Article
Full-text available
This paper combines research and commentary to reinforce the importance of integrating hazard interactions and interaction networks (cascades) into multi-hazard methodologies. We present a synthesis of the differences between multi-layer single-hazard approaches and multi-hazard approaches that integrate such interactions. This synthesis suggests t...
Article
Geoscientists have an important role to play in international development, using their knowledge of Earth to improve disaster risk reduction, natural resource management, access to protected water resources, and infrastructure development. The application of this knowledge to development projects, however, requires a range of skills beyond a compet...
Article
Full-text available
This paper combines research and commentary to reinforce the importance of integrating hazard interactions and interaction networks (cascades) into multi-hazard methodologies. We present a synthesis of the differences between ‘multilayer single hazard’ approaches and ‘multi-hazard’ approaches that integrate such interactions. This synthesis suggest...
Article
Here we present a description of the relative severity of single hazards within a multi-hazard framework, compiled through examining, quantifying and ranking the extent to which individual hazards trigger or increase the probability of other hazards. Hazards are broken up into six major groupings (geophysical, hydrological, shallow earth processes,...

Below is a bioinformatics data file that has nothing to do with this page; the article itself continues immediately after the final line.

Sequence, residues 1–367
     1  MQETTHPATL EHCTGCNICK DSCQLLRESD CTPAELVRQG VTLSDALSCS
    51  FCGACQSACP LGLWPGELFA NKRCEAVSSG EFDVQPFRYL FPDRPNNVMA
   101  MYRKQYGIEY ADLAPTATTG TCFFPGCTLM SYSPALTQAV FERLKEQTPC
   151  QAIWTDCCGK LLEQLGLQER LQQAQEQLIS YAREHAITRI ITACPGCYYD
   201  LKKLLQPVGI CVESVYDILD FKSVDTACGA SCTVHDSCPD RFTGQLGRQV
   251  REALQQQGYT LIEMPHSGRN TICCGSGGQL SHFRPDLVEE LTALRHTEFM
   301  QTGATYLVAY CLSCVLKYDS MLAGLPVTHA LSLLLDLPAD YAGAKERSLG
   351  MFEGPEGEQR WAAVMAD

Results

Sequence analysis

Article
Here it is suggested that the development of geoscientist student placement opportunities in international development contexts has an important role to play in the promotion of geoethics. In this paper we (i) describe Geology for Global Development (GfGD), a growing organisation where we have established development placement opportunities for geo...
Article
Here we present a broad overview of the relationship between primary hazards triggering or increasing the probability of secondary hazards. This overview is important in multi-hazard risk assessments (MHRA), as considering one hazard exclusively, without taking into account other hazards and any domino (cascade) effects, ignores components of risk...
Article
Geoscientists have a crucial role to play in improving disaster risk reduction and supporting communities to build resilience and reduce vulnerability. Across the world millions live in severe poverty, without access to many of the basic needs that are often taken for granted - a clean water supply, a reliable food source, safe shelter and suitable...

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Projects

Projects (4)
Project
Geology for Global Development (GfGD) is a not-for-profit organisation, established to champion the role of geology in sustainable development, mobilising and equipping the geology community to support the UN Sustainable Development Goals. Registered Charity Number: 1165663.
Project
This research develops global and regional interaction frameworks to enhance understanding, characterisation, and visualisation of natural hazard interactions. This aims to support the international development of multi-hazard methodologies. These interaction frameworks can contribute to improved theoretical and practical understanding of hazards and disaster risk reduction.